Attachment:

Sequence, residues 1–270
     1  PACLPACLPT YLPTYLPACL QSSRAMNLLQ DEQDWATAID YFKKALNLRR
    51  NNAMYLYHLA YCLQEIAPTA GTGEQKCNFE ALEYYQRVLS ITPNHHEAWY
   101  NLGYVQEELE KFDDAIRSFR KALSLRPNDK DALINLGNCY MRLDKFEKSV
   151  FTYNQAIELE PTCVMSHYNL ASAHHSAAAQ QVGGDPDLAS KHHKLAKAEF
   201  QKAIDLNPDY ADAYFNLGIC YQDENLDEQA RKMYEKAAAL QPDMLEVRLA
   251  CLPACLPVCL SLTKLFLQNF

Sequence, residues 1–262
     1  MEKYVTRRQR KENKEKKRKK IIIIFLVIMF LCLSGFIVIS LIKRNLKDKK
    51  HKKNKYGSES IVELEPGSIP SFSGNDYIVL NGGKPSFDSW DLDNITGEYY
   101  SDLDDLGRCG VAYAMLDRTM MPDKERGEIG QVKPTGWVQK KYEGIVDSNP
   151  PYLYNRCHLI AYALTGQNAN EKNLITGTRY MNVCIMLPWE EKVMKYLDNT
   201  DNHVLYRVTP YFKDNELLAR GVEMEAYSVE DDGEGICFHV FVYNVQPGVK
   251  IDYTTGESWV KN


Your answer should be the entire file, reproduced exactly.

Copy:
Sequence, residues 1–270
     1  PACLPACLPT YLPTYLPACL QSSRAMNLLQ DEQDWATAID YFKKALNLRR
    51  NNAMYLYHLA YCLQEIAPTA GTGEQKCNFE ALEYYQRVLS ITPNHHEAWY
   101  NLGYVQEELE KFDDAIRSFR KALSLRPNDK DALINLGNCY MRLDKFEKSV
   151  FTYNQAIELE PTCVMSHYNL ASAHHSAAAQ QVGGDPDLAS KHHKLAKAEF
   201  QKAIDLNPDY ADAYFNLGIC YQDENLDEQA RKMYEKAAAL QPDMLEVRLA
   251  CLPACLPVCL SLTKLFLQNF

Sequence, residues 1–262
     1  MEKYVTRRQR KENKEKKRKK IIIIFLVIMF LCLSGFIVIS LIKRNLKDKK
    51  HKKNKYGSES IVELEPGSIP SFSGNDYIVL NGGKPSFDSW DLDNITGEYY
   101  SDLDDLGRCG VAYAMLDRTM MPDKERGEIG QVKPTGWVQK KYEGIVDSNP
   151  PYLYNRCHLI AYALTGQNAN EKNLITGTRY MNVCIMLPWE EKVMKYLDNT
   201  DNHVLYRVTP YFKDNELLAR GVEMEAYSVE DDGEGICFHV FVYNVQPGVK
   251  IDYTTGESWV KN